Considering that the authority given the respondent was "to negotiate and/or enter into a contract with the Board of Liquidators", and that the negotiated transaction or offer pursuant thereof had been rejected by the Board and instead a public bidding was called, no contract for the sale of subject lot to the municipality of New Washington could possibly be pursued based thereon. There being no subsequent authority for the respondent to tender before the Ad Hoc Committee on Bids a bid offer of the municipality of New Washington, the respondent’s authority to represent the municipality concerned for purposes of acquiring the subject lot had been effectively terminated upon the rejection of their offer of a negotiated purchase. That he transacted and bidded [sic] for said purchase on his own and not upon any authority or official representation is shown by his letter-request to Governor Corazon L. Cabagnot dated September 17, 1988 (Annex "C" of respondent’s reply to complainants’ rejoinder) for authority to travel to Manila and the 1st Indorsement dated September 17, 1988 of Governor Cabagnot (Annex "D") granting such authority.
WHEREFORE, premises considered, the undersigned respectfully recommends the DISMISSAL of the instant complaint.
Ines justified his conclusion in this manner:Deputy Special Prosecutor Robert E. Kallos recommended the approval of Ines’ resolution. Special Prosecutor Leonardo P. Tamayo concurred with Ines’ recommendation, while Ombudsman Aniano Desierto approved the resolution on 26 April 1996.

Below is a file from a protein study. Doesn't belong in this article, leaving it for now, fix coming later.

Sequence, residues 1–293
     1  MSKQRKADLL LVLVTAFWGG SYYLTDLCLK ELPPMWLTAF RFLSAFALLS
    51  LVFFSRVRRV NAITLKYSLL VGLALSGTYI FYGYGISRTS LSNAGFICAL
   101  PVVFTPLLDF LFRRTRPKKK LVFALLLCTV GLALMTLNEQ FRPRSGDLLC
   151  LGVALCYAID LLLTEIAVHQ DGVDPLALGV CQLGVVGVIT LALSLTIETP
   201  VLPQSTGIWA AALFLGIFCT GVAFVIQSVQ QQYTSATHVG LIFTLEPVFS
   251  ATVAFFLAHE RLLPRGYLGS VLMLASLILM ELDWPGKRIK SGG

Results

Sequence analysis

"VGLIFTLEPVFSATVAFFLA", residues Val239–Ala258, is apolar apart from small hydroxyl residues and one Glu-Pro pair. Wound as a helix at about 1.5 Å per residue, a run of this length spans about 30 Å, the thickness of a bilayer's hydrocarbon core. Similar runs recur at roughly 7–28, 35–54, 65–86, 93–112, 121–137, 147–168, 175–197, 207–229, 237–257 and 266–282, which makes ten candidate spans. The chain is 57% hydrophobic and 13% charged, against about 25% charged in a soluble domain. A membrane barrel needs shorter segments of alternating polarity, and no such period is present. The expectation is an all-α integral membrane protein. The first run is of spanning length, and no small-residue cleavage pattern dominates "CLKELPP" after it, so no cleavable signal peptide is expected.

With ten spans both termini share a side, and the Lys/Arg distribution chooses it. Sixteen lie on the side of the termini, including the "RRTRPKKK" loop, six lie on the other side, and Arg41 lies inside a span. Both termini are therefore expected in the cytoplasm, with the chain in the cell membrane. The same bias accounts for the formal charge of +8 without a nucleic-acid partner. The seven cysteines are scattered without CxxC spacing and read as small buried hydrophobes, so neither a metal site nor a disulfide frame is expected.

The undersigned Special Prosecution Officer totally agrees with the observations / recommendation made by GIO Carla N. Tanco as lengthily expounded in her Resolution. Based on the circumstances and evidence at hand, it is crystal clear that respondent acted in bad faith in acquiring the lot for himself instead of for his municipality. It is a fact that he was commissioned by the SB to negotiate with the Board of Liquidators for the acquisition of said lot through public bidding but sequences [sic] of events would now prove that he ha[d] a hidden motive to personally acquire the lot in his own name. Being commissioned by the SB, he now become an agent of the Municipality of New Washington. Thus, he should have acted as representative of his Municipality in [sic] which he leads as the Mayor. This job demands utmost good faith, fidelity, candor and fairness. The New Civil Code imposes upon the agent the absolute obligation to make a full disclosure or complete account to his principal of all his transactions and other material fact [sic] relative to the agency. So much so that the law does not countenance any stipulation exempting the agent from such obligation and considers such exemption as void (Domingo vs. Domingo, 42 SCRA 131). Respondent could not place good faith as his defense inasmuch [sic] there is good faith only when there is an honest intention to abstain from taking as [sic] unconscientious advantage from [sic] another. Respondent should have acted with "delicadeza" by not having personally purchased the lot for himself. The nature of the relationship between him as the Mayor and agent with the principal which is the municipality is fiduciary in nature which demands the agent from placing oneself in a position which ordinarily excites conflicts between self interest and integrity.